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Title | Hyperfine structure and predissociation of the B ³[pi]₀ + state of bromine |
Creator |
Booth, James L. |
Date Issued | 1994 |
Description | Investigations have been carried out in bromine of the hyperfine structure of the B ³II₀u+ and X ¹Σg⁺ electronic states and of the predissociation of the B ³ll₀u+ state by the ¹ll₁u dissociative level. The technique of laser induced fluorescence of a molecular beam was used. ⁷⁹Br⁸¹Br hyperfine spectra were recorded for various B - X vibrational bands (v’ ←v”) with v’ = 11 through 17 and v” = 0, 1, and 2, and for various rotational transitions (J’ ← J”) with J’ from 0 to 11 and J” from 0 to 10. As well, the ⁷⁹Br₂ and ⁸¹Br₂ hyperfine spectra of the (13’ — 0”) and (17’ — 2”) bands over the same range of rotational states were measured. The spectra are well described using one X state parameter: the electric quadrupole coupling constant eqQx; and two B state parameters: the electric quadrupole coupling constant eqQB, and the nuclear spin-rotation constant Csr. The results show that eqQB(⁷⁹Br) = (177.0 ± 0.6) MHz for v’ = 11 and increases by approximately 0.5 MHz per vibrational quantum up to (180.6 ± 1.4) MHz for v’ 17. Similarly the ground state electric quadrupole coupling constant, eqQx(⁷⁹Br) (808.1 ± 1.4) MHz for v” = 0 and increases by about 1 MHz per vibrational quantum to (811.4 ± 1.4) MHz for v” = 2. The hyperfine data also provided a check on the accuracy of some of the published rovibronic constant¹ for each isotopomer. In order to reproduce the observed relative spacings of the transitions for all three isotopomers, the published term values, T₀₀, have to be modified ; this can be done by decreasing the published values of T₀₀ for ⁸¹Br₂ and ⁷⁹Br⁸¹Br by (177 ± 8) MHz and (326 ± 8) MHz, respectively. The phase shift technique was applied to the study of the predissociation of the v’ = 13 B ³II₀u⁺ electronic state of bromine. The lifetimes of individual hyperfine levels were ¹S. Gerstenkorn and P. Luc, J. Phys. France 50, 1417 (1989). measured for the rotational states J’ = 0 - 7 (except for J’ 2) for each isotopomer of bromine. Revised values are given for the radiative decay rate Γrad, the gyroscopic predissociation parameter Cv, and the magnetic dipole predissociation parameter av. The first observation of electric quadrupole predissociation is reported and is characterized by a new molecular parameter, bv. |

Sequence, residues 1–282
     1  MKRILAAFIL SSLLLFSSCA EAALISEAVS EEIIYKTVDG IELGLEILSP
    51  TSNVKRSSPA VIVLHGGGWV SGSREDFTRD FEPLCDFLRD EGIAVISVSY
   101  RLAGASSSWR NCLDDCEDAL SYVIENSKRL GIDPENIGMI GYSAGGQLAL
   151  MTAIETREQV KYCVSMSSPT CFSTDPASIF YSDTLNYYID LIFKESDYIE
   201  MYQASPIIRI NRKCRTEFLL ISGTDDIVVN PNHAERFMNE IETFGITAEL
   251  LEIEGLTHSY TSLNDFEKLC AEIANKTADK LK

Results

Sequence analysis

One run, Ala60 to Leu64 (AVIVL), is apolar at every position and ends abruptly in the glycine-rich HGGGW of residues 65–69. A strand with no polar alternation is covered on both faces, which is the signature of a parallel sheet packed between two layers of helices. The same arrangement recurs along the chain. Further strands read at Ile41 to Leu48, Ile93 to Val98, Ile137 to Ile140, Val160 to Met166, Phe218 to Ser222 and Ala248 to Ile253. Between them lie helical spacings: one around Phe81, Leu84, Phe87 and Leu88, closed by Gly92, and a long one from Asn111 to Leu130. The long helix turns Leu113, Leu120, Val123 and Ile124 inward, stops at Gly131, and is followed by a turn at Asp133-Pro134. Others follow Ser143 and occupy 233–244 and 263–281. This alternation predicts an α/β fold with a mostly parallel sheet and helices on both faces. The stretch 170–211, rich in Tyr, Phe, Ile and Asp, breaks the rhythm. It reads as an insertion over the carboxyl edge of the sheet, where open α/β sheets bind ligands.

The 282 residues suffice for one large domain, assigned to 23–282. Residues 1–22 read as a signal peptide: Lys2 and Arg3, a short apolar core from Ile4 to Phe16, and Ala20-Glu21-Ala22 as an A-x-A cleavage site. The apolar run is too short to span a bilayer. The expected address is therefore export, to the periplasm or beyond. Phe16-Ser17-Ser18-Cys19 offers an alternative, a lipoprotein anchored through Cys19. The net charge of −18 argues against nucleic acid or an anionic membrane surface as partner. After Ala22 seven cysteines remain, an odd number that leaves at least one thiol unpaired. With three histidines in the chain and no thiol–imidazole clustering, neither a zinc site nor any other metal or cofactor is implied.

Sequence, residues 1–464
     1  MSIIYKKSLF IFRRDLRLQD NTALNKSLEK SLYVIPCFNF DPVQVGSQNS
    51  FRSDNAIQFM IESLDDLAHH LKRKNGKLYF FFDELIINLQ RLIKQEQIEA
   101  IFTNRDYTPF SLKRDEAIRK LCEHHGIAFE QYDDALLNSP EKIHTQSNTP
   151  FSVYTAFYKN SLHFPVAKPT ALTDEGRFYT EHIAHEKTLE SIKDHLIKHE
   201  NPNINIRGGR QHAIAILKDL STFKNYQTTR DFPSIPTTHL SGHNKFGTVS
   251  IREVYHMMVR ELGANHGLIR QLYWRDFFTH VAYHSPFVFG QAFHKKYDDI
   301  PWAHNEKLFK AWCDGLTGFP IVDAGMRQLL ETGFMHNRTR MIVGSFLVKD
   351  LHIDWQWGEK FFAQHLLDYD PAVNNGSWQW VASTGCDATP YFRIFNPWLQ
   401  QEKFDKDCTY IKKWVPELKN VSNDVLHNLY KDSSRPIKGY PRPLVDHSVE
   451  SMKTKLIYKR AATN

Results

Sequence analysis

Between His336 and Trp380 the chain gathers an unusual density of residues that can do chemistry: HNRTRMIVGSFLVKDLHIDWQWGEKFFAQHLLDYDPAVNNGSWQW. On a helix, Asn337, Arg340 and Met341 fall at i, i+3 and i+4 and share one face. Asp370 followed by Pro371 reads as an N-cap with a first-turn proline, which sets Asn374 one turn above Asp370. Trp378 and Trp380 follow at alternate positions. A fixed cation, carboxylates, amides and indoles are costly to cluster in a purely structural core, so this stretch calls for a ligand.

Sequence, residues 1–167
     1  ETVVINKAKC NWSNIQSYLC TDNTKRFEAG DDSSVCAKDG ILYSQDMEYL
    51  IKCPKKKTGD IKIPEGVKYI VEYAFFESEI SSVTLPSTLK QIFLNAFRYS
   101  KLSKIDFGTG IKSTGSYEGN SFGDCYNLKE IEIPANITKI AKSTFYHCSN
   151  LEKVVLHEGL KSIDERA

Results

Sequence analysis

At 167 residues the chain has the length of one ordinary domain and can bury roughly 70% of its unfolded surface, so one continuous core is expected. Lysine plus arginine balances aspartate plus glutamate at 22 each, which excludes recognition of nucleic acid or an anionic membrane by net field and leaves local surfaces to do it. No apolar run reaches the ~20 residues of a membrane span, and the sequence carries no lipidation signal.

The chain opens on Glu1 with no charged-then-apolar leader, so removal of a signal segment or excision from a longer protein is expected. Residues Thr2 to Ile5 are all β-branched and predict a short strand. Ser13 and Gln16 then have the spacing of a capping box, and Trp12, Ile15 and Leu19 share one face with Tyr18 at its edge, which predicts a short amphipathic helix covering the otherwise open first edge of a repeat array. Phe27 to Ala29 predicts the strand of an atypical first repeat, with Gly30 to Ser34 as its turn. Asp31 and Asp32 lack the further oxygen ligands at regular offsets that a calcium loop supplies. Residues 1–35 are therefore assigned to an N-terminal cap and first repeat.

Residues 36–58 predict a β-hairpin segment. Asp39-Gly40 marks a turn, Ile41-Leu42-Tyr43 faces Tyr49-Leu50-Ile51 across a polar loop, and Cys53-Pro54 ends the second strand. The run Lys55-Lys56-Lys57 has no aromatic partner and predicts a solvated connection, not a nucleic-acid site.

Extent | 4323511 bytes |
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Thesis/Dissertation |
Type |
Text |
File Format | application/pdf |
Language | eng |
Date Available | 2009-04-08 |
Provider | Vancouver : University of British Columbia Library |
Rights | For non-commercial purposes only, such as research, private study and education. Additional conditions apply, see Terms of Use https://open.library.ubc.ca/terms_of_use. |
DOI | 10.14288/1.0085651 |
URI | http://hdl.handle.net/2429/6914 |
Degree |
Doctor of Philosophy - PhD |
Program |
Physics |
Affiliation |
Science, Faculty of Physics and Astronomy, Department of |
Degree Grantor | University of British Columbia |
Graduation Date | 1994-05 |
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UBCV |
Scholarly Level | Graduate |